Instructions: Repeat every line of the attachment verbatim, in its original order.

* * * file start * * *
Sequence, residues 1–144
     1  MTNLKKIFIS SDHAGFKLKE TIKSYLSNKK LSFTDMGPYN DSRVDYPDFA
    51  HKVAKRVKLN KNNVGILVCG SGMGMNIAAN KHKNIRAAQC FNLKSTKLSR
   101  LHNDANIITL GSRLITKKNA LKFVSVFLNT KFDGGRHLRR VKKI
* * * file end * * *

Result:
Sequence, residues 1–144
     1  MTNLKKIFIS SDHAGFKLKE TIKSYLSNKK LSFTDMGPYN DSRVDYPDFA
    51  HKVAKRVKLN KNNVGILVCG SGMGMNIAAN KHKNIRAAQC FNLKSTKLSR
   101  LHNDANIITL GSRLITKKNA LKFVSVFLNT KFDGGRHLRR VKKI